Keeping dogs out of vets since 2011

Torn ACL in Dogs: Symptoms, Diagnosis, Treatment & Cost

Torn ACL in Dogs

So what is the ACL, and where is a dog’s ACL? The ACL (Anterior Cruciate Ligament) is located in the centre of the knee (stifle) and is responsible for stabilising the hind leg when the dog is straightening, bending or rotating the leg. 

In this article, we will be discussing:

What is an ACL tear in Dogs?

A dog ACL tear is an injury to the knee which occurs when the dog tears their cruciate ligament. The ligament does not always tear completely. A partially torn ACL in dogs is very common and may progress into a full ACL tear if left untreated.  

Dogs are a long-distance running species, and they have ligaments like wire chords. Sadly, a dog ACL tear is one of the most common orthopaedic injuries in dogs today.  40-60% of ACL tears in dogs will usually result in a tear to their other knee. So it is vital that we know, not only how to recognise an ACL tear but also how to prevent a torn ACL in dogs. 

A little note…

It is important to say here that although you will often see and hear the term “dog torn ACL”, the correct term for the dog’s cruciate ligament is actually the Cranial Cruciate Ligament (CCL) which is what your vet will refer to it as.  However, in this article, we will stick to the term dog ACL for ease.

 Symptoms of an ACL Tear in Dogs – 

  • Lameness or limping is one of the main signs that your dog’s ACL may be torn. 
  • A dog ACL tear can often result in the dog not wanting to place their foot flat on the ground, and they may walk up on their toes. 
  • Difficulty rising from a sitting position, 
  • Difficulty getting up a step or jumping into the car
  • Suddenly decreased activity levels
  • Muscle atrophy in the affected leg

How will an ACL Tear in Dogs be Diagnosed?  

A suspected dog ACL tear needs immediate Veterinary attention.  

Your vet will perform a physical examination to check for different issues as the symptoms of a dog ACL tear vs a sprain, for example, may look similar at first glance. The vet can check for an injured ACL on a dog by feeling for a “Cranial Drawer”, which is a specific type of movement or palpitation of the knee joint to check for any instability.

An X-ray will help to confirm a torn ACL in dogs by looking at changes within the knee joint. 

Treatment for a torn ACL in a dog

Once your vet has diagnosed that the cruciate ligament is torn, depending on the severity of the tear, your dog may not have to go through surgery.  Ask your vet’s advice on alternatives such as canine massage therapy, hydrotherapy and orthopedic braces, which can stabilise the knee joint. However, if the tear is more serious, your vet will advise surgery. There are three different types of surgery for a dog stifle injury:

1. Lateral Suture Technique or Extracapsular Repair 

This surgery involves using a strong suture to secure the joint, a kind of false ligament, if you will, to replace the injured one. The joint stabilises as new scar tissue grows. This surgery is more common in smaller dogs. 

Lateral_Suture Technique
Credit: West Vet

2. TPLO or Tibial Plateau Levelling Osteotomy

This involves realignment of the top of the tibia (shin bone) at an angle that will prevent the bone from sliding forward. This realignment then stabilises the knee joint.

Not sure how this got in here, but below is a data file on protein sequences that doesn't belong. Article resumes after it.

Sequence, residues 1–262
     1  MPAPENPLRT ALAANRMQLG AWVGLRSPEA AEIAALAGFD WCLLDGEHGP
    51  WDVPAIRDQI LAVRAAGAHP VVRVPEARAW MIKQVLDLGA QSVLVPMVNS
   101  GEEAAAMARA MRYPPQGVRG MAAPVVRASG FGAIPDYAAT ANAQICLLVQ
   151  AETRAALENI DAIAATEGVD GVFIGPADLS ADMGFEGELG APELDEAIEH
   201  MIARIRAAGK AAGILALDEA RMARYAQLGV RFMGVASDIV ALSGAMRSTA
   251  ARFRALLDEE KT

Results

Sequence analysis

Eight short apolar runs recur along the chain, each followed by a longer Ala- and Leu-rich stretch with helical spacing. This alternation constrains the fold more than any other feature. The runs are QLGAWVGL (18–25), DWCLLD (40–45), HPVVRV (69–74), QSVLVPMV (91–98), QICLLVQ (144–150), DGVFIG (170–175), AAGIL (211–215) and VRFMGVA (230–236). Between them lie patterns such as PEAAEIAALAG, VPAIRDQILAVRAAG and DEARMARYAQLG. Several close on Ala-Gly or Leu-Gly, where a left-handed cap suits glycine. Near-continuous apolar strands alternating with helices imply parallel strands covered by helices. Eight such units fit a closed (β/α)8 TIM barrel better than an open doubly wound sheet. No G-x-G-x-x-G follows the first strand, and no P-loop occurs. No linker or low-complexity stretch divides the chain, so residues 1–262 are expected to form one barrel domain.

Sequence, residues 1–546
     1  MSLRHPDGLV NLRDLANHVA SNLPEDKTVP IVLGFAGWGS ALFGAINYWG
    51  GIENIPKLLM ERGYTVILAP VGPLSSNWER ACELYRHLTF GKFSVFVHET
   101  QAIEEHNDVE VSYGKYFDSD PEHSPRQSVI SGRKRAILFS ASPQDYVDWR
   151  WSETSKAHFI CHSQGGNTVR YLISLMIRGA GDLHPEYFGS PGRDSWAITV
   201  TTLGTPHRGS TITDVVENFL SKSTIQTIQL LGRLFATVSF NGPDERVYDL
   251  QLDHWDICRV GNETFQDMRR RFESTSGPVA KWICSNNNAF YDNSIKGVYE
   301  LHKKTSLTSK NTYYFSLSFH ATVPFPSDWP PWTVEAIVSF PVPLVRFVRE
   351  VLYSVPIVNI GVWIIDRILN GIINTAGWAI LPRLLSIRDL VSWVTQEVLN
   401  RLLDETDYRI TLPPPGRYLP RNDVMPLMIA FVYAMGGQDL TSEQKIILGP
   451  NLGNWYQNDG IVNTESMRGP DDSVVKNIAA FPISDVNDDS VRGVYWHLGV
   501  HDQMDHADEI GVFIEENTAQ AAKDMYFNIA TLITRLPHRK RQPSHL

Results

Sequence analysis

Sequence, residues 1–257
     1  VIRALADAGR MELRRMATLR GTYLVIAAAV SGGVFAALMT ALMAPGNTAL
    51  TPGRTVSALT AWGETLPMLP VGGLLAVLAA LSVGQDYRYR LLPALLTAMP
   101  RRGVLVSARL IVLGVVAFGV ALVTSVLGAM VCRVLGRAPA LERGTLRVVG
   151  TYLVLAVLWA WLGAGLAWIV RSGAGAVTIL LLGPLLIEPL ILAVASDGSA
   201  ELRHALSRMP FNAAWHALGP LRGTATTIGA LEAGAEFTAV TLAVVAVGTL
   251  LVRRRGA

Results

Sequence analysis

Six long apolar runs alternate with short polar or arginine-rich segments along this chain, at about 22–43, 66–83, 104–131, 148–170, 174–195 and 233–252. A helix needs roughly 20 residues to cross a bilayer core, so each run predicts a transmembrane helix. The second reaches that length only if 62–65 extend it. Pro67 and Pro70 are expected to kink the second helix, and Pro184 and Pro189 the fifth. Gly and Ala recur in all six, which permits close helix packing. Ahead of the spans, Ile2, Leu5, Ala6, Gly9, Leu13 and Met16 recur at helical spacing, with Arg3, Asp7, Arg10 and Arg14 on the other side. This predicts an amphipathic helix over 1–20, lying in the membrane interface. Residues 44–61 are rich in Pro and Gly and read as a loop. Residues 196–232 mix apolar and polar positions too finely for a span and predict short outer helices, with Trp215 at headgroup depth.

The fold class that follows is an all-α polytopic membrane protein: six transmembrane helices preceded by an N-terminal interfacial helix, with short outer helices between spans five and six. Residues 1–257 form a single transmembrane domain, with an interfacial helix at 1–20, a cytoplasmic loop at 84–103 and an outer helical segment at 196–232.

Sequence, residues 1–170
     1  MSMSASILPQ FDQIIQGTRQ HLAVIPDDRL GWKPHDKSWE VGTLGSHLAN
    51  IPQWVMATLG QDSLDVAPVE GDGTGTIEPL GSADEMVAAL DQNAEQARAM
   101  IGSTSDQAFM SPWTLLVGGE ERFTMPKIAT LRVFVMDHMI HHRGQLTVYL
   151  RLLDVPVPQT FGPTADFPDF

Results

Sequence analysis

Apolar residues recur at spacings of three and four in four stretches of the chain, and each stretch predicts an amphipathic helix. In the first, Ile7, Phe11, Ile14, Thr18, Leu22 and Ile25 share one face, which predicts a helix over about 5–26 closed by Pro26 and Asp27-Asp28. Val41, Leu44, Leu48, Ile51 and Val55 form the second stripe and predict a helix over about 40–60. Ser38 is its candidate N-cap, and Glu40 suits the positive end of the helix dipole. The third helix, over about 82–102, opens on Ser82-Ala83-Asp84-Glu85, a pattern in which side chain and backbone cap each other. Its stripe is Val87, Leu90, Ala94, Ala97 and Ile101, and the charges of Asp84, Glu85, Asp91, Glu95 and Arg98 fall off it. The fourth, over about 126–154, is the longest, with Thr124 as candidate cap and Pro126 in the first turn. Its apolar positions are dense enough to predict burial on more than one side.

Credit Dogwood Veterinary Surgery

3. TTA or Tibial Tuberosity Advancement

This type of surgery involves the tibia bone being cut, and a titanium plate and bone grafts are used to secure the new angle of the joint.

Tribial Tuberosity Advancement
Credit VCA Animal Hospitals

How much will torn cruciate ligament dog surgery cost? 

Depending on the severity of the tear, what type of surgery is carried out, if the surgery is carried out at a specialist clinic and if there are other existing issues such as arthritis in the joint etc, the price of surgery can vary. Cruciate ligament dog surgery cost in Ireland can range between 900 Euros to 4,000 Euros. 

Again, this all depends on so many variables. If you are concerned that you can’t afford cruciate ligament surgery for your dog, please speak to your vet and if you have pet insurance, check with them how your policy will cover it.

Life After Surgery – 3 Tips on How to Help Your Dog Recover

The thought of surgery can seem extremely daunting, and you will understandably be very concerned about your dog; no one likes seeing their best buddy in pain. However, with lots of time, patience and some crucial dietary components, your dog will be back enjoying life again in no time!

Here are our top tips for getting your dog back on his feet and enjoying a pain-free life.

1. Rest and Confinement 

For at least the first 10 – 14 days after surgery, you must ensure your dog is confined in a comfortable area like a crate or similar to rest and recuperate. Offer enrichment such as snuffle mats, licky mats, dog puzzles etc. Groups on Facebook, such as Canine Enrichment, can offer some fantastic ideas to keep the little guy entertained.


2. Exercise 

Immediately after surgery, your dog should only be taken outside on a lead for bathroom breaks.  You may want to help him walk by using a towel as a sling to support his hind legs, or invest in a rear lifting dog harness, as he may feel unsteady trying to walk on three legs. Your dog should not jump on furniture or attempt to climb the stairs.  

After around 14 days, once the stitches are removed, you should be able to start gradually increasing the lead walks to five minutes each week.  Each dog is different and will tolerate different levels of exercise during their recovery, so please always be guided by your vet and ask their advice at all times..

Credit -Handicapped Pets

3. Feeding a Dog with a Cruciate Tear – Let food be thy medicine 

Before we talk about the fancy bells and whistles of how to avoid a torn ACL in dogs, the most important thing you can do for cruciate ligament dog recovery is to feed him a good diet.  This means feeding a raw food diet.  First it is important to explain exactly what vital compounds and substances your dog will need to heal.  Further down are some examples of the types of food that contain these compounds.  Of course, there are supplements out there but what is best and what his damaged skin, muscles and that joint really need is real food in the form of fresh/raw protein, raw bones and cartilage.